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Jakarta Post

Govt shortens process for building permits

Govt shortens process for building permits
Prima Wirayani
Jakarta   ●   Thu, February 25, 2016

The government is simplifying the process for people to obtain permits to erect buildings on plots of land, building use permits (HGB), as part of the effort to improve the ease of doing business in the country.

The process to get the permits, which used to take days or weeks, will be shortened with the signing of a ministerial regulation.

The agrarian and spatial planning ministerial regulation is to cut the time for the land documentation process from 30 days to only two days. The application can be made online.

In addition, the public can also check online for information about any plot of land, such as its status, price, location map and zoning.

This permit process only applies to a plot of land less than 5,000 square meters in size and if it is located in Jakarta, Bandung in West Java, Semarang in Central Java, Yogyakarta, or Surabaya in East Java.

Agrarian and Spatial Planning Minister Ferry Mursyidan Baldan said the permit processing would take no longer than two days.

'€œThe regulation even allows the head of a land office to serve as a special PPAT [land deed official] in case the process requires quick action,'€ he said after attending a coordination meeting at the Office of the Coordinating Economic Minister in Central Jakarta on Wednesday.

Ferry said the ministerial regulation was made to respond to a survey by the World Bank on the ease of doing business (EODB). That was why the cities covered by the regulation included Jakarta and Surabaya.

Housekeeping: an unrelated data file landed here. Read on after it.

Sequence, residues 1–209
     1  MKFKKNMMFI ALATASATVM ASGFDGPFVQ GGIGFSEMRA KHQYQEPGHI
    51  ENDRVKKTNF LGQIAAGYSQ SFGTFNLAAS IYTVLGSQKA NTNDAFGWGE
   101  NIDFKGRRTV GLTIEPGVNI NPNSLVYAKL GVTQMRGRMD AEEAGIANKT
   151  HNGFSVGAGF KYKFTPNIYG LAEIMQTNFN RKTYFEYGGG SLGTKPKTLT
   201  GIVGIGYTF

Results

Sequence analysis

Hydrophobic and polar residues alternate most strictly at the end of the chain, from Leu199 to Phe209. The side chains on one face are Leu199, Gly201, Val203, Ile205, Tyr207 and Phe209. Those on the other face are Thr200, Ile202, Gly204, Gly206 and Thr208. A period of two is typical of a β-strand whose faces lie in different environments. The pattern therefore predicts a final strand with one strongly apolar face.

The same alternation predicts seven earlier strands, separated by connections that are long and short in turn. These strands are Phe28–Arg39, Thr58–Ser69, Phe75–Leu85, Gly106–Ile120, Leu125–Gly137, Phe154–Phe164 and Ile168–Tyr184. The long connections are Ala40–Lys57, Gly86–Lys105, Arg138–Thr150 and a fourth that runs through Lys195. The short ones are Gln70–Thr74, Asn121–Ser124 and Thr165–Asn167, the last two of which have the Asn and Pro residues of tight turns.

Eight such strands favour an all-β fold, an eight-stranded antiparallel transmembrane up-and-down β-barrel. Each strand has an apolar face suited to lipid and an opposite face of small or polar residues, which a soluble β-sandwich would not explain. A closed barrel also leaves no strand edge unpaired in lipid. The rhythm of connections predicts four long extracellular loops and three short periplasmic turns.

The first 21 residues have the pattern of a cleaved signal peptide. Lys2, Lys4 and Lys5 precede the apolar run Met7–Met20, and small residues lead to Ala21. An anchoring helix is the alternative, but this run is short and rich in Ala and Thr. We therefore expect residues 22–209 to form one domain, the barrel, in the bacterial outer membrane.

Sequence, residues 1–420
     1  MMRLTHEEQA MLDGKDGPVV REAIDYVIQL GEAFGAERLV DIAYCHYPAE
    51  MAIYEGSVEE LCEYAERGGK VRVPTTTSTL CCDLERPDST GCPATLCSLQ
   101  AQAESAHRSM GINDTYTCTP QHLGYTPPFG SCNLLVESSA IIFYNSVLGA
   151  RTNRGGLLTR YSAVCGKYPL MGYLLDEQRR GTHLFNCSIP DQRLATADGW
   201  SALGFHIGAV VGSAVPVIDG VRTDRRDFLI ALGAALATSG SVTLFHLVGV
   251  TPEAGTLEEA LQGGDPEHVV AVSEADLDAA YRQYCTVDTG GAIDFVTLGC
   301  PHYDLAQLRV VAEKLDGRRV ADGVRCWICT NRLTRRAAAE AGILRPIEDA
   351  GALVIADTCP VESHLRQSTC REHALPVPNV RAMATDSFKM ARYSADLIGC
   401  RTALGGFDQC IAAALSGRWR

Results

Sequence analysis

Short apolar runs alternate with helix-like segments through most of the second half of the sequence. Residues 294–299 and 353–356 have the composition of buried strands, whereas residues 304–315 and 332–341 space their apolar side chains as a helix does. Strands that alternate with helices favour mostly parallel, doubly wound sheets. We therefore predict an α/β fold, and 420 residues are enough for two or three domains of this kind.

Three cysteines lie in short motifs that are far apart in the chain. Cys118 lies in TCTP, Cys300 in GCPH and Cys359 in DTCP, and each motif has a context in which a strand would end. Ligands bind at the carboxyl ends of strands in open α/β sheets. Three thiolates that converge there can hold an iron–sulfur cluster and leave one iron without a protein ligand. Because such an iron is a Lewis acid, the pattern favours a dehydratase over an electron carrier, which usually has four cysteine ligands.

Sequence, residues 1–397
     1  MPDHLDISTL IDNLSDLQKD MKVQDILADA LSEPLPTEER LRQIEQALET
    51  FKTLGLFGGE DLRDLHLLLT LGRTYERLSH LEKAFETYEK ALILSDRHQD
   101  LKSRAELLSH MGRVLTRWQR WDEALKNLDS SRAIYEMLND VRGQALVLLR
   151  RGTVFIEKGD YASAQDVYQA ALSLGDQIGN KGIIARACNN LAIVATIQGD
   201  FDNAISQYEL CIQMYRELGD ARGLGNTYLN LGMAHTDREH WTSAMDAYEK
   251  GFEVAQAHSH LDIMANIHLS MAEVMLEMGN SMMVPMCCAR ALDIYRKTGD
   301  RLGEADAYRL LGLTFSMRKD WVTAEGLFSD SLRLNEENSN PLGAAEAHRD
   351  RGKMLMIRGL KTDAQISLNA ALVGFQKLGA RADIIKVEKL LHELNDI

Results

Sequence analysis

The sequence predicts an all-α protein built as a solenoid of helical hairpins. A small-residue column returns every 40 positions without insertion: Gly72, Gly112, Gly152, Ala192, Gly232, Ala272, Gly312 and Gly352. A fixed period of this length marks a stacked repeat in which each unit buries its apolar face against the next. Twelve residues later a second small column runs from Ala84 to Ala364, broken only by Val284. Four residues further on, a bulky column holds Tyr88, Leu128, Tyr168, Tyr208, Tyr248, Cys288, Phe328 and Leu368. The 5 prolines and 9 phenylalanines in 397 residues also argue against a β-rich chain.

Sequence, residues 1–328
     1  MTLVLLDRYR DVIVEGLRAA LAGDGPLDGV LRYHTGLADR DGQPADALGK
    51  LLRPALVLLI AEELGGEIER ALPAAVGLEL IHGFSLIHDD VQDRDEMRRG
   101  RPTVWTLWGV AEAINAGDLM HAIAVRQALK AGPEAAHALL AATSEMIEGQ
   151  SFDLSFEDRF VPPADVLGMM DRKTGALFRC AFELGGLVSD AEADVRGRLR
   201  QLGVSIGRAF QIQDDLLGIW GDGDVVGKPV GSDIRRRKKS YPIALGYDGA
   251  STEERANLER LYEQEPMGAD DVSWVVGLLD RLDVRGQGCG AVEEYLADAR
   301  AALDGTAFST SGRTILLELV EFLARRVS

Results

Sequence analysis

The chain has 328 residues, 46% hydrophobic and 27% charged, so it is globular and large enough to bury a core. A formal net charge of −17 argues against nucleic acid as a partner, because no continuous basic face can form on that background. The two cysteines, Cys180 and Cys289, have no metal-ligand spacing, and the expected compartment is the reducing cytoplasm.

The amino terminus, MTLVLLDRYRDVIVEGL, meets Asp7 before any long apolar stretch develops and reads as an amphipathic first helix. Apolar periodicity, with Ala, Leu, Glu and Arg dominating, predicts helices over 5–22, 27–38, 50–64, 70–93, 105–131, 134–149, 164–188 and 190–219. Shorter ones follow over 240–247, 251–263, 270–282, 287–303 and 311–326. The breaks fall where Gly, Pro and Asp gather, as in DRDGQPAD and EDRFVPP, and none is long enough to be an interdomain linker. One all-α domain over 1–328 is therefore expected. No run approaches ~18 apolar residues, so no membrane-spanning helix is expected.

'€œWe put in Bandung, Semarang and Yogyakarta not only to answer the survey, but also to spread out the service'€™s benefits to the public,'€
he said.

The World Bank'€™s Doing Business 2016 report, which came out in January, ranks Indonesia in 109th position out of 189 countries. The Washington-based international financial institution carried out business conduct research in Jakarta and Surabaya between March and June 2015. It also did the same survey in 188 other countries.

Although having seen its rank improve from 114th place last year, Indonesia was outrun by its ASEAN counterparts, such as Malaysia, Thailand and Vietnam, which are at 18th, 49th and 90th place, respectively. Singapore, meanwhile, tops the list.

The survey shows that it takes 210 days to obtain a construction permit and 27 days to register property in Indonesia compared to 166 days and 57 days, respectively, in Vietnam.

Previously, President Joko '€œJokowi'€ Widodo, who was once in the furniture business, said he had assigned all the ministries and the Investment Coordinating Board (BKPM) to cut bureaucratic procedures in order to be able to improve the country'€™s ranking to 40th in the World Bank'€™s Doing Business 2017 ranking.

BKPM head Franky Sibarani said on a different occasion that the government had completed half of its 36 to-do-list items to achieve the ambitious target.

Ferry said results from improvement measures conducted by each ministry and institution would be gathered and discussed during a meeting at the Office of the Coordinating Economic Minister next week. He also stated that the services would gradually be available in all cities nationwide.

'€œWe are preparing the services for Mataram and Gorontalo,'€ he said, referring to the cities in West Nusa Tenggara and northern Sulawesi.

The Agrarian and Spatial Planning Ministry, in collaboration with the BKPM, previously provided a land checking service and issued land booking letters as parts of the BKPM'€™s three-hour licensing process for investors with investments of more than Rp 100 billion (US$7.46 million) and/or a plan to employ more than 1,000 workers.


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